Evgeny Morozov has made a similar suggestion, though along different lines: he wants Google to put up a banner or signal when someone searches for links between vaccines and autism, or proof that the Pentagon / Israelis / Santa Claus was behind the 9/11 attacks. I’m more sympathetic to Evgeny’s idea, but I would limit banners or disclaimers to situations that meet two criteria. First, the facts of the issue must be clear-cut: pi is not equal to three (and no one really thinks so), and the planet is indisputably getting warmer. And second, the issue must be one that is both currently relevant and with significant consequences. The flat earthers don’t count; the anti-vaccine nuts do. (People who fail to immunize their children not only put them at risk; they put their classmates and friends at risk, too.) Lastly, I think there’s importance to having both a sense of humor and a respect for discordant, even false speech. The Santorum thing is darn funny. And, in the political realm, we have a laudable history of tolerating false or inflammatory speech, because we know the perils of censorship. So, keeping spreading Santorum!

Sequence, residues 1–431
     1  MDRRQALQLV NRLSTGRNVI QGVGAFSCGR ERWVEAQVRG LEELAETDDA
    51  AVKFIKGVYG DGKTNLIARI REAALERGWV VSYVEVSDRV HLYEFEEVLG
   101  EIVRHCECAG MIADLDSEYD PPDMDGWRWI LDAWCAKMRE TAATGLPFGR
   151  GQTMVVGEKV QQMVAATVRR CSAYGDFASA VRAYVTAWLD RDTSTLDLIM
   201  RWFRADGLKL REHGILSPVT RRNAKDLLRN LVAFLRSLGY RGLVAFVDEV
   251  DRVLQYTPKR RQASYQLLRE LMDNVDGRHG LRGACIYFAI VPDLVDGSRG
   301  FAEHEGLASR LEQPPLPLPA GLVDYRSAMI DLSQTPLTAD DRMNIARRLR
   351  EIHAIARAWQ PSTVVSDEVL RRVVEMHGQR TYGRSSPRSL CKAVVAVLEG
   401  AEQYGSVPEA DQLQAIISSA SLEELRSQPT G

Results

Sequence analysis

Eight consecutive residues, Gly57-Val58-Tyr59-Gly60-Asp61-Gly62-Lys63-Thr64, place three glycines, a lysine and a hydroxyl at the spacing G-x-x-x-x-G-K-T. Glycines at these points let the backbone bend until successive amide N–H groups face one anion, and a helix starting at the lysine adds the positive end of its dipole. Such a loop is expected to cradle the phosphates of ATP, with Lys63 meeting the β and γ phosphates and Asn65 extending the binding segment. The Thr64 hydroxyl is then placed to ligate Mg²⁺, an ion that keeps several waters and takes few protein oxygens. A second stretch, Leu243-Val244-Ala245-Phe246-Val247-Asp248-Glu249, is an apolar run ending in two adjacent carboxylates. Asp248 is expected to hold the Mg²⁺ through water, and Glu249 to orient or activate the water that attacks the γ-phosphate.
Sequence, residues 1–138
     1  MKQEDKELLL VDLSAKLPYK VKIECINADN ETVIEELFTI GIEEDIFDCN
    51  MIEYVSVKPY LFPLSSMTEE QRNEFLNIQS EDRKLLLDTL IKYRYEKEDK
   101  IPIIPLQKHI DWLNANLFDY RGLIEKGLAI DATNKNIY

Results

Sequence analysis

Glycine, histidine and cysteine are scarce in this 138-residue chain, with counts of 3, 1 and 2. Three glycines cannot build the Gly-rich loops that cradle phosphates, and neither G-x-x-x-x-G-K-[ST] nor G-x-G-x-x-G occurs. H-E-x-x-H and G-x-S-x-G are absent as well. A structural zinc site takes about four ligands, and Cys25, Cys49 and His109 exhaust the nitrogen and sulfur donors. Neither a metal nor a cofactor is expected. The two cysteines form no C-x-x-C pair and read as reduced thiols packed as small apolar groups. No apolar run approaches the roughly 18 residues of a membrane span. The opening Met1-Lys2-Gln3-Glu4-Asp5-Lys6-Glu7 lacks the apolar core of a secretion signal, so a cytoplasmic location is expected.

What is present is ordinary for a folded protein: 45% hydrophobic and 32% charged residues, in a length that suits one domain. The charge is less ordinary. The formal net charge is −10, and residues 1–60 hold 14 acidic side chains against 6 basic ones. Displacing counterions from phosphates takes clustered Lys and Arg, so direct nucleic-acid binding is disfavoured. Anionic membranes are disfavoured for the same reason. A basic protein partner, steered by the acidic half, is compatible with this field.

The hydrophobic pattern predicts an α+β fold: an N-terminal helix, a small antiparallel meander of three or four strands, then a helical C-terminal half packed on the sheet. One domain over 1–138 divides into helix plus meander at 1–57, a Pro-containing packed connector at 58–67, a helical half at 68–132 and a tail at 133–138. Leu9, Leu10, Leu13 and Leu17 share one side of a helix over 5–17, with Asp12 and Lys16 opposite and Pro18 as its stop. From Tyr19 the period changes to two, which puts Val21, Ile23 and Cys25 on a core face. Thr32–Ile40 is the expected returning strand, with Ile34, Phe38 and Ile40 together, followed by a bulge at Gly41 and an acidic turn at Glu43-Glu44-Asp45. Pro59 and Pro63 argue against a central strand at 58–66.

Danielle, Frank, and the other CoOp folks have kindly let me hang around their blog like a slovenly houseguest, and I’d like to thank them for it. See you soon!

Cross-posted at Info/Law.